Nature

Published on March 8th, 2013 | by James Ayre

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Extremophile Algae Survives Extreme Heat, Acidity, And Toxicity By Stealing The Genes Of Bacteria

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March 8th, 2013 by

How does a form of life go about becoming capable of surviving in the world’s most extreme environments? How does something go about developing resistance to extreme heat, acidity, and exposure to toxic heavy metals? By stealing the genes that allow those capabilities from their neighbors, apparently.

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The “extremophile” red alga Galdieria sulphuraria is able to survive, even thrive, in a strangely varied collection of environments. When living in the extreme living environment of Yellowstone National Park’s hot springs, Galdieria gets energy its energy from photosynthesis. When living in the pitch black of old mineshafts, in drainage that is as caustic as battery acid, it lives as a predator feeding on bacteria. And is somehow able to survive very high concentrations of arsenic and other heavy metals.

It’s a strange collection of traits that allow survival in such varied and extreme environments. How does a one-celled alga acquire these traits?

Looking to answer that question, researchers from Oklahoma State University and Heinrich-Heine-Universitat (Heinrich-Heine University) in Dusseldorf, Germany, completely decoded the genome of Galdieria.


After doing so, they discovered something unexpected, “Galdieria’s genome shows clear signs of borrowing genes from its neighbors. Many genes that contribute to Galdieria’s adaptations were not inherited from its ancestor red algae, but were acquired from bacteria or archaebacteria.”

This is referred to as “horizontal gene transfer”, it is very common in bacteria, but has also been observed in more complex organisms such as humans.

“However, Galdieria is the first known organism with a nucleus (called a eukaryote) that has adapted to extreme environments based on horizontal gene transfer.”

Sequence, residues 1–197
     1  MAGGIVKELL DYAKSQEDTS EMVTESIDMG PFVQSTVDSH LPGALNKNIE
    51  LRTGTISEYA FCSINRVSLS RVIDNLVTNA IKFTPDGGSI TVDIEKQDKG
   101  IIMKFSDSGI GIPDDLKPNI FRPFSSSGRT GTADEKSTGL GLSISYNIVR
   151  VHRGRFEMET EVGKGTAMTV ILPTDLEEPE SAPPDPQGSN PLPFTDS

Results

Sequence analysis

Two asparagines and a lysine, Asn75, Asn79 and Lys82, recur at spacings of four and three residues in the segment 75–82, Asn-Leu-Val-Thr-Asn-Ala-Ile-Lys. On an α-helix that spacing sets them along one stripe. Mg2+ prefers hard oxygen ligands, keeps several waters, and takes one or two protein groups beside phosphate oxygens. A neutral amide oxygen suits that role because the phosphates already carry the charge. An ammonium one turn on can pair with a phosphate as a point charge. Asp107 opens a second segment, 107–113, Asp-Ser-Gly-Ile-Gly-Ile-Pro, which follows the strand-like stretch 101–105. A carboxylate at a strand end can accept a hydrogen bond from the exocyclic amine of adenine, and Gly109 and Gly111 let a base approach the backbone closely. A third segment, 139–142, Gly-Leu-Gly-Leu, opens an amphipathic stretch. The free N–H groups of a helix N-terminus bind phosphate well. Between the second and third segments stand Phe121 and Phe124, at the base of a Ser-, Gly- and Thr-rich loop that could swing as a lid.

“The age of comparative genome sequencing began only slightly more than a decade ago, and revealed a new mechanism of evolution–horizontal gene transfer–that would not have been discovered any other way,” says Matt Kane, program director in the National Science Foundation’s (NSF) Division of Environmental Biology, which funded the research.

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“This finding extends our understanding of the role that this mechanism plays in evolution to eukaryotic microorganisms.”

The tolerance for extreme heat that Galdieria possesses appears to come from genes that are present in the hundreds in its genome, but very likely all descending “from a single gene the alga copied millions of years ago from an archaebacterium.”

“The results give us new insights into evolution,” Schoenknecht says. “Before this, there was not much indication that eukaryotes acquire genes from bacteria.”

“The alga owes its ability to survive the toxic effects of such elements as mercury and arsenic to transport proteins and enzymes that originated in genes it swiped from bacteria. It also copied genes offering tolerance to high salt concentrations, and an ability to make use of a wide variety of food sources. The genes were copied from bacteria that live in the same extreme environment as Galdieria.”

“Why reinvent the wheel if you can copy it from your neighbor?” asks Lercher.

“It’s usually assumed that organisms with a nucleus cannot copy genes from different species–that’s why eukaryotes depend on sex to recombine their genomes.

“How has Galdieria managed to overcome this limitation? It’s an exciting question.”

What Galdieria did is “a dream come true for biotechnology,” says Weber.

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“Galdieria has acquired genes with interesting properties from different organisms, integrated them into a functional network and developed unique properties and adaptations.”

That’s practically the holy grail of what biotechnology is attempting. Though it very well may not possible for humans to do such a thing, much less do so with out unexpected and potentially devastating consequences. Damage to the natural ecosystems that humans are still entirely dependent upon, agriculture, or human health, are all possibilities when things that typically occur over very time periods, and within the framework of a highly completive natural world, are forced to occur based solely on the ideas, goals, and conceptions of individual humans.

With regards to this individual discovery, the researchers think that it may open up possibilities for the biofuel industry.

The new research was just published in this week’s issue of the journal Science.

Source: National Science Foundation

Image Credits: Christine Oesterhelt

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About the Author

's background is predominantly in geopolitics and history, but he has an obsessive interest in pretty much everything. After an early life spent in the Imperial Free City of Dortmund, James followed the river Ruhr to Cofbuokheim, where he attended the University of Astnide. And where he also briefly considered entering the coal mining business. He currently writes for a living, on a broad variety of subjects, ranging from science, to politics, to military history, to renewable energy. You can follow his work on Google+.



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